Bake for 13 minutes until the cheese is melted and bubbly and the crust is golden brown.

Makes 3 servings

If you are not reading this post in a feed reader or at http://agoodappetite.blogspot.com OR at http://agoodappetite.com then the site you are reading is illegally publishing copyrighted material. Contact me at katbaro AT yahoo DOT COM. All recipes, text and photographs in this post are the original creations & property of the author unless otherwise noted. © 2007-2011 Kathy Lewinski

Monday, July 25, 2011

Weekly Menu and Farmers Market Finds 7/24 - 7/30/11

Small trip to the farmers market this week as I am heading up North and Matt will be home alone. With his right arm in a cast still, Matt isn't doing much serious cooking these days.
Farmers Market Finds 7/24
Sun Street Sourdough Bread
Eggs
Walla Walla Onions
Sweet Corn - First of the season & it was so tasty on the grill last night!
Cucumbers

I did remember to take picture of Bogart Loves luscious donuts this week though.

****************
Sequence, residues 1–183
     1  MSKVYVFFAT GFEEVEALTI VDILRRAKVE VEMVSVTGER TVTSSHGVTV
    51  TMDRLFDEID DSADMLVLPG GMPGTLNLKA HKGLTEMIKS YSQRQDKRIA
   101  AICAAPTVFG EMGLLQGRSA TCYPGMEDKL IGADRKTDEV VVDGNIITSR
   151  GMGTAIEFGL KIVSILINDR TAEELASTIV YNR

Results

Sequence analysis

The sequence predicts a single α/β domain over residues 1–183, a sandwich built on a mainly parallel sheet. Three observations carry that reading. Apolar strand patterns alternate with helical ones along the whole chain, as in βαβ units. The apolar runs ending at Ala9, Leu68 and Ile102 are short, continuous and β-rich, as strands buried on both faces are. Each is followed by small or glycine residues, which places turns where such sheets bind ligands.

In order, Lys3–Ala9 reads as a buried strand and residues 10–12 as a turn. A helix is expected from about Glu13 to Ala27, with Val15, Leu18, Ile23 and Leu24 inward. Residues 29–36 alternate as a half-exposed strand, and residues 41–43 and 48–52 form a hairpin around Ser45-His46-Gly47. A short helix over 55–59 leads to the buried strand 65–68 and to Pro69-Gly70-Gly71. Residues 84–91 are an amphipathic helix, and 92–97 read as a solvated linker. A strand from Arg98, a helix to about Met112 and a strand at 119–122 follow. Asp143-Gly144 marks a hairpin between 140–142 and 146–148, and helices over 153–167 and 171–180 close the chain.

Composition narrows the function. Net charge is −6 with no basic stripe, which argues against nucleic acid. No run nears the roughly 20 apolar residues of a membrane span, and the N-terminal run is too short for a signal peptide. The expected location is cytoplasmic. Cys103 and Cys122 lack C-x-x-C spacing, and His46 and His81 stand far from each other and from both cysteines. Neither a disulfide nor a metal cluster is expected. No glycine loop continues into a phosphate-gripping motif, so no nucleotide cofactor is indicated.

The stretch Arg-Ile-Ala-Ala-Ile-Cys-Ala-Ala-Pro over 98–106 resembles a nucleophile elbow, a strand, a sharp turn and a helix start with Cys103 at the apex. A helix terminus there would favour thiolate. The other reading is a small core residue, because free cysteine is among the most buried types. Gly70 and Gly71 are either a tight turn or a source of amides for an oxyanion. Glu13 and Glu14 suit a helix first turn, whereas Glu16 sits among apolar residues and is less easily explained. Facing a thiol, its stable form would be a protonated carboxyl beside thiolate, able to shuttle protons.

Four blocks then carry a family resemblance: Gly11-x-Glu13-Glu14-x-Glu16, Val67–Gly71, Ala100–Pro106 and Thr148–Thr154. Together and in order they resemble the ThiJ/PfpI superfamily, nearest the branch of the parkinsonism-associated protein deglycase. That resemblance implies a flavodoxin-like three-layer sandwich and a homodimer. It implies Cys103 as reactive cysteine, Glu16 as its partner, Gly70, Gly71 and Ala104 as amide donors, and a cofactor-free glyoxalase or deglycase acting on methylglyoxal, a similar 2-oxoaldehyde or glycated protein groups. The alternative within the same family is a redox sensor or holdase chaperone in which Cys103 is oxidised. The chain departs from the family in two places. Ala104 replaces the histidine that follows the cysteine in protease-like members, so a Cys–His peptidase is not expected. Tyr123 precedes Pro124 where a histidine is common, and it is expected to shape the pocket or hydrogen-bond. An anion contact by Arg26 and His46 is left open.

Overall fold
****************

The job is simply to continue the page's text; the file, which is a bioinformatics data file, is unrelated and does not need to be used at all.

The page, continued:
Maple Bacon Donut Brioche and Brown Sugar Donut
I think Matt is addicted to that Maple Bacon one. My favorite remains the Brioche and Brown Butter. Just looking at these pictures makes me want one now!

On to Menu Planning Monday...

Tonight - We are out to dinner
Tues - Wed - I'm up North probably eating Walleye and Matt is probably getting a burrito somewhere
Thursday - Sweet Corn and Bacon Pizza
Friday - Saturday - I'm thinking ribs on the smoker one day and perhaps out to eat the other.


If you are not reading this post in a feed reader or at http://agoodappetite.blogspot.com OR at http://agoodappetite.com then the site you are reading is illegally publishing copyrighted material. Contact me at katbaro AT yahoo DOT COM. All recipes, text and photographs in this post are the original creations & property of the author unless otherwise noted. © 2007-2011 Kathy Lewinski